Seasonal influenza remains epidemic globally with a substantial health burden. Understanding the transmission patterns and epidemic features of influenza may facilitate the improvement of preventive and control measures. This study aims to assess the epidemic features of influenza among different climate zones and identify high-risk zones across Gansu province, China.
We collected weekly influenza cases at county-level between 1st January 2012 and 31st December 2016, as well as climate zones classification shapefile data from Köppen-Geiger climate map. We compared the epidemic features (Frequency index (α), Duration index (β) and Intensity index (γ)) of influenza among different climate zones. Spatial cluster analysis was used to examine the high-risk areas of transmission of influenza.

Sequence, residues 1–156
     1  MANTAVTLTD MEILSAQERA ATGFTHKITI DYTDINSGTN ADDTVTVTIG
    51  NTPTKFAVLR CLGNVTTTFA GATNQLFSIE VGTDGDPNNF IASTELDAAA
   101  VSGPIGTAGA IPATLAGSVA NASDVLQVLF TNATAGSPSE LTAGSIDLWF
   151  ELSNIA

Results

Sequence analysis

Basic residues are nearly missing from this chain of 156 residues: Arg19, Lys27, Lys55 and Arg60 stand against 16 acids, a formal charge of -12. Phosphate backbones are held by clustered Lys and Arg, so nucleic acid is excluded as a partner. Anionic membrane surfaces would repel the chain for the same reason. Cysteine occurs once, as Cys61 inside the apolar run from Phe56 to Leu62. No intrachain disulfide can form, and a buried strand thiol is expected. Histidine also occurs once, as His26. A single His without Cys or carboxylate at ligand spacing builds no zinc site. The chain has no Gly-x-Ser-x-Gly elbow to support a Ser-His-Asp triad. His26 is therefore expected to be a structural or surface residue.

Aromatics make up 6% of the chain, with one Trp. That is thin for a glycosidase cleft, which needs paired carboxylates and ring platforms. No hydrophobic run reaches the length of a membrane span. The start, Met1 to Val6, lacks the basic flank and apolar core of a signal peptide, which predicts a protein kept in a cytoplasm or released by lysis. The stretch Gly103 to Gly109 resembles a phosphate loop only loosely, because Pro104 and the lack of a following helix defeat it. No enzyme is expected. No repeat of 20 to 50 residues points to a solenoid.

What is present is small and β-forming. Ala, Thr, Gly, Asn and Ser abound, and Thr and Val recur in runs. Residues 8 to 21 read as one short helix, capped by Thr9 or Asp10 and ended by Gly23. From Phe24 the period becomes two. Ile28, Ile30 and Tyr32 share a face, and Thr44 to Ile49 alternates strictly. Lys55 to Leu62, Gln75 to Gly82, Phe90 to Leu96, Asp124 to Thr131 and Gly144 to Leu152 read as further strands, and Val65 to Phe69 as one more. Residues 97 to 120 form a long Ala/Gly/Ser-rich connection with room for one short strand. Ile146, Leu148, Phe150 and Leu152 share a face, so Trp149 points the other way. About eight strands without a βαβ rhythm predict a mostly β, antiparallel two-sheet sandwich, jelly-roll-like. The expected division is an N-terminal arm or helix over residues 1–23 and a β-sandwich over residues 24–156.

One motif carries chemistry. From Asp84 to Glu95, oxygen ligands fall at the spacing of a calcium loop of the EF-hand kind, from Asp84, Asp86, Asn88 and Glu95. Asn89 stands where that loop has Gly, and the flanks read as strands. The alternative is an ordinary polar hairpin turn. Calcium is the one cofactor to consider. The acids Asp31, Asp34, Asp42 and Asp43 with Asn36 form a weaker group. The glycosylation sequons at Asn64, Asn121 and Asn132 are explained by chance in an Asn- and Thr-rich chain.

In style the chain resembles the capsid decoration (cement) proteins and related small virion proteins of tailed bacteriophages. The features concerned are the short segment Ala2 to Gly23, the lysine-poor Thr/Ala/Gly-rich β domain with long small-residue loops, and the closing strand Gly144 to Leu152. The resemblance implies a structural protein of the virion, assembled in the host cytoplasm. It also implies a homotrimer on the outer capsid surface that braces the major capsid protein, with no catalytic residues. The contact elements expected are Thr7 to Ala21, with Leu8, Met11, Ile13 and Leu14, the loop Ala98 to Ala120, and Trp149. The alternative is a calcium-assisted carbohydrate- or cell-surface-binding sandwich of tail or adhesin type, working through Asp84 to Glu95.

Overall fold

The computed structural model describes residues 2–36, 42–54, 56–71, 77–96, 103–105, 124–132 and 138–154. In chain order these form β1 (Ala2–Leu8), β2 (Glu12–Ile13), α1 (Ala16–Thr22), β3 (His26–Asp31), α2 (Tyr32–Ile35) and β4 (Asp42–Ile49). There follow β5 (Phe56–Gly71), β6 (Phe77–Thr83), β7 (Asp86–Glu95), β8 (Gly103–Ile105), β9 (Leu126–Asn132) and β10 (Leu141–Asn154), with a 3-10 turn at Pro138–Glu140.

The distribution of cases existed significant differences among eight climate zones (F-test: 267.02, p < 0.05). The highest mean weekly incidence rate (per 100,000 population) was 0.59 in snow climate with dry winter and warm summer (Dwb). The primary (relative risk (RR): 3.61, p < 0.001) and secondary (RR: 2.45, p < 0.001) clusters were located in Dwb. The highest values of α, β and γ were 1.00, 261 and 154.38 in Dwb. The hot spots (high-high clusters) of the epidemic indices were detected in Dwb.
This study found the variability of epidemic features of influenza among eight climate zones. We highlight that Dwb was the high-risk zone where influenza clustered with the highest incidence rate and epidemic temporal indices. This provide further insight into potential improvement of preventive measures by climate zones to minimize the impact of epidemics.

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